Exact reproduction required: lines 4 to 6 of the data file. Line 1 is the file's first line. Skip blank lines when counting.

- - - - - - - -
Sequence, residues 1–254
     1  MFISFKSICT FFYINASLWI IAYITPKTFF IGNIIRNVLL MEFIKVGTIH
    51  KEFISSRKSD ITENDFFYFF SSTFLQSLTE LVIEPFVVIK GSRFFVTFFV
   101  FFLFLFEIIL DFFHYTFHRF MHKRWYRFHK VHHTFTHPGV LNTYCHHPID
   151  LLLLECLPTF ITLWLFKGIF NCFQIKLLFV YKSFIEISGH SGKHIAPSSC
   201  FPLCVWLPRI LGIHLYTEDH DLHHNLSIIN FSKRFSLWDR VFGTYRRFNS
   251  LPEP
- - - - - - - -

   101  FFLFLFEIIL DFFHYTFHRF MHKRWYRFHK VHHTFTHPGV LNTYCHHPID
   151  LLLLECLPTF ITLWLFKGIF NCFQIKLLFV YKSFIEISGH SGKHIAPSSC
   201  FPLCVWLPRI LGIHLYTEDH DLHHNLSIIN FSKRFSLWDR VFGTYRRFNS